I'm trying to implement an algorithm from a graphics paper and part of the algorithm is rendering spheres of known radius to a buffer. They say that they render the spheres by computing the location and size in a vertex shader and then doing appropriate shading in a fragment shader.

Any guesses as to how they actually did this? The position and radius are known in world coordinates and the projection is perspective. Does that mean that the sphere will be projected as a circle?

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It would be helpful if you would quote the graphics paper you're implementing from, I think. –  Xavier Ho Apr 28 '10 at 6:34
Whoops, forgot to mentions that they use quads. irisa.fr/prive/kadi/SiteEquipeAsociee/Site_RTR2A/Papiers/… is the paper. The section I'm referring to is 5.1: "the splatting on the GPU is performed by drawing a quadrilateral tightly bounding the splatted sphere on the image plane. The position and size of the quadrilateral are computed using a vertex shader. Then each fragment is processed so that its value represents the record's weighted contribution" –  Ben Jones Apr 28 '10 at 6:43

I found a paper that describes what you need - calculating the bounding quadric. See:

Section 3.2, Bounding Box calculation. The paper also mentions doing it on the vertex shader, so it might be what you're after.

Some personal thought:

You can approximate the bounding box by approximating the size of the sphere by its radius, though. Transform that to screen space and you'll get a slightly larger than correct bounding box, but it won't be that far off. This fails when the camera is too close to the point, or when the sphere it too large, of course. But otherwise should be quite optimal to calculate, as it would be simply a ratio between two similar, right triangles.

If you can figure out the chord length, then the ratio will yield the precise answer, but that's a little beyond me at the moment.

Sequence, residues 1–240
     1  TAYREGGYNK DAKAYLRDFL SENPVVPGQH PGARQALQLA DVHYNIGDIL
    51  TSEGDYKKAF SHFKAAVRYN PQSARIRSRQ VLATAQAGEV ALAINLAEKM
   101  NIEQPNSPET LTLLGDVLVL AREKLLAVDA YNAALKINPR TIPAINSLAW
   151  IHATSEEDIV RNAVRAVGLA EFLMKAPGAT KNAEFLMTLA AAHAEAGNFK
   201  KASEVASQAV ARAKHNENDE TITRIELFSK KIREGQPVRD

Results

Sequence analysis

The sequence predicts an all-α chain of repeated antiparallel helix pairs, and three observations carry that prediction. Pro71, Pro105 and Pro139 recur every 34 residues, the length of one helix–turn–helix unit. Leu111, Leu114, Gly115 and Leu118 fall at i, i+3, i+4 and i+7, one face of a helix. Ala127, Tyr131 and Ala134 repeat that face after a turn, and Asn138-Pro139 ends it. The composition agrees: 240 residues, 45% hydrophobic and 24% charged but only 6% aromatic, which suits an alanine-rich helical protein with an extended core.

Of course, that's just a rough approximation, and has a large error sometimes, but it would get things going quickly, easy.

Otherwise, see paper linked above and use the correct way. =]

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I think I'll be using the approximation you have here, since in the fragment shader I can test EXACTLY whether the fragment should contribute and the vertex shader is really only trying to reduce the number of fragments I have to process. –  Ben Jones Apr 28 '10 at 16:40

In general, a sphere is seen as an ellipse in perspective.

Section 6 of this article describes how the bounding trapezoid of the sphere's projection is obtained. Before computers, artists and draftsmen has to figure this out by hand.

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Yes, you're correct. Took me some time to think abuot this. –  Xavier Ho Apr 28 '10 at 22:13

The sphere will be projected as an ellipse unless it's at the cameras center as brainjam says.

The article that Xavier Ho links to describes the generalization of sphere projection (That is, quadratic projection). It is a very good read and I recommend it too. However, if you are only interested in sphere projection and more precisely the quadrilateral that bounds the projection then The Mechanics of Robust Stencil Shadows, page 6: Scissor Optimization details how to do it.

### A Note on Xavier Ho's Approximation

I would like to add that the approximation that Xavier Ho suggests is, as he notes too, very approximative. I actually used it for a tile-based forward renderer to approximate light bounds in screen space. The following image shows how it neatly enables good performance with 400 omni (spherically bound) lights in a scene: Tile-based Rendering - Far View. However, just like Xavier Ho predicted the inaccuracy of the light bounds causes artifacts up close as seen here when zoomed in: Tile-based Rendering - Close view. The overlapping quadrilaterals fail to bound the lights completely and instead clip the edges revealing the tile grid.

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